Our biggest trip of the summer was going to Scotland.  We wanted to get to Inverness, and possibly all the way up to John O’Groats.  But, the amount of driving finally took its toll, and we didn’t even make it to Inverness.  It didn’t help that we only had one driver.  And, it didn’t help that although the kids begged to go to Scotland (because everybody was going somewhere far for the holidays), their primary goal was Build-a-Bear Workshop.

We realised early on that if we didn’t go to BABW, we would never hear the end of it.  There are several BABWs in Scotland and we really had no clue where they were.  After perusing the map, we decided to head towards Edinburgh.  As we approached Edinburgh, taking the scenic route and passing through some quaint little towns and villages, we saw signs for Park-n-Ride.  We opted for this, since we didn’t want to get lost in Edinburgh.  We parked up and took the bus.  Luckily, the bus driver was well-informed enough to tell us exactly where BABW was, and even took the time to make sure we got off at the right stop.  It was a very hot day and the BABW was stuffy. I was very disappointed that they used all their money to get a bear.  And, instead of dressing it up in traditional Scottish dress (since we were in Edinburgh), our younger daughter spent her remaining money on a simple T-shirt.  After that trip, we thought they’d focus on seeing a bit of Scotland, but all they wanted was to get home as soon as possible to log their new friends into the computer.  Uugh!

We walked around the square, took some pictures of the castle and the Scott (Sir Walter Scott) monument.  There was music coming from the castle and we wondered if there was a festival or some event going on.  We didn’t see any advertisement anywhere, though.  The streets were crowded, and it didn’t help that they were doing construction work on a light rail in the city.  The heat was making all of us tired, so we go back to the car and drove out of town.

Since we saw Edinburgh Castle, we thought, “Where is Balmoral?”.  We had just purchased a new map book, and it showed the location of Balmoral, so we decided to head in that direction.  We headed out towards Perth, crossing the Firth of Forth bridge (the Forth Road Bridge, that is), one of the longest suspension bridges in the world.  At Perth, we took a wrong turn and started heading towards Dundee, but we eventually found our way to Braemar, in the middle of the Cairngorn Mountains.  Balmoral is in the heart of the Cairngorn National Park, near Braemar.  Though the mountains of Scotland may not be as rugged and high as the Alps or the Rockies, we could sense the desolation of the High Country as we drove through.  Besides the ski resort, we saw no signs of habitation for miles and miles.  The only living things were sheep, some grazing right next to the road, and some birds of prey flying overhead.  Nearer to Braemar, some campers had pitched their tents near a river.  It was quite cold, but we regretted not bringing a tent.

We stopped in Braemar for a bit and walked around the town.  Then, we got back on the road towards Balmoral.  At one particular bend in the road, a few miles away, we saw the top of what looked like the tower of a castle.  But, we couldn’t see it again, so we couldn’t be sure.  When we drove up to the road to Balmoral, we discovered that the castle had been open to the public, up until two days before we arrived.  We drove down there to see if we could see it, but the gate was closed and a guard was nearby, looking rather laid-back and playing with his phone.  We drove on down and turned around again, and the guard looked up at us questioningly (we must have disturbed his texting).  Back on the main road, we were just about to turn onto the road to Inverness when we decided to start heading home.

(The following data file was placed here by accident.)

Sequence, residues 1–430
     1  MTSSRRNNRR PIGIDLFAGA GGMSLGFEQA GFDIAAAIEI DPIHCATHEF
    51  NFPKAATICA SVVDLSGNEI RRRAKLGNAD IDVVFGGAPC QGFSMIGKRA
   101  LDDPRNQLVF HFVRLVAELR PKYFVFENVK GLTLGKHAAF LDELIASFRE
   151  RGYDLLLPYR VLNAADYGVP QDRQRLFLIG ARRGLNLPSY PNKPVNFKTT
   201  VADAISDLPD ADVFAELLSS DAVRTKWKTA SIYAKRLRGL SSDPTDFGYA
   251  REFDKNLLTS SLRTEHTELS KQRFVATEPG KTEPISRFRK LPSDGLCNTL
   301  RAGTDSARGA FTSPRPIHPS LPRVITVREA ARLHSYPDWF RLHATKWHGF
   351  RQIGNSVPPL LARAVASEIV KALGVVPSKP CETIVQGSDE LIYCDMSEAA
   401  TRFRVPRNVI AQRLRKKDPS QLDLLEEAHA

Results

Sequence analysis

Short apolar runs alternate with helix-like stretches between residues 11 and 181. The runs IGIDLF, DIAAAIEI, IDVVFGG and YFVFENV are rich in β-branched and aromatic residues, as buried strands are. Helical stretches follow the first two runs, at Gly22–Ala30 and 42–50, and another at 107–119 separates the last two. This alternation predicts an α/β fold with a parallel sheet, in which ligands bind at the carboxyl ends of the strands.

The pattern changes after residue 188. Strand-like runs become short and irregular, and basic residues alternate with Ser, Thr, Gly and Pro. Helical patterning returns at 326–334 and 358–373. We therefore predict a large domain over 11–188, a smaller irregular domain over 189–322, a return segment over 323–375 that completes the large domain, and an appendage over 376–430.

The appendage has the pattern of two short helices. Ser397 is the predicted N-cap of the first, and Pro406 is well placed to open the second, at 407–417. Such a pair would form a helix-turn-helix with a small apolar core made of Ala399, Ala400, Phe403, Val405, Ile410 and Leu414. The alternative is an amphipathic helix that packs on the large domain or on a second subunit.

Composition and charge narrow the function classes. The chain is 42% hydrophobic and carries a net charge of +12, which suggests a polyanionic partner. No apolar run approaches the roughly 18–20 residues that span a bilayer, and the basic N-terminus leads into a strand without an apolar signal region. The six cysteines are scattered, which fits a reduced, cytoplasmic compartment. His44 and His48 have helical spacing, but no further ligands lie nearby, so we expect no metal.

The kids half-heartedly protested.  But, they had been asleep on the drive through the Cairngorns, so we told them they missed the tortuous, hilly roads that made their stomachs turn.  It was like a roller coaster ride for them, and by the time we reached Perth, they wanted to go through the mountains again.  We stayed at a B&B in Perth and spent the next morning looking around the town.  It was quite nice.  After that, we headed once again for England.

We opted for the Fletching village fete.  It was spread out across the village cricket green with various stalls.  One section was reserved for the vintage car show.  Then there was the bell-ringing in the church.  That was unique.  My husband and our younger daughter participated in that.  Meanwhile, our older daughter and I visited the art exhibit within the church.  Quite an impressive display, and though she could not afford it, our daughter wanted to buy several paintings.  I must say, it would have been nice to support the local talent.

The atmosphere of the fete was quite subdued, and I wondered if that was the case for all fetes.  As I understand it, the difference between a fete and a fayre is that the fayres usually have competitive games and rides.  Of course, the Rusper fayre did not have rides, but it did have games.  This fete had some children’s games, a bowling pitch, clay pigeon shoot, and air water-bottles, but no participatory competitions.  The fayres concentrated more on fun, whereas the fetes concentrated on sales.  There were various stalls from different charities and organisations, selling books and other items for funds.  Others sold plants and produce, jams, etc.

Of course, the distinctions between fayres and fetes have probably dissolved over the years, with many churches and villages changing the venues.  It’s getting harder to define these traditional British celebrations.  We still have yet to experience the carnivals.  In the US, the word “carnival” is used so loosely to mean a fun-fair, that it will be a new experience.  Of course, we had parades in the US, but it was never followed with a fayre.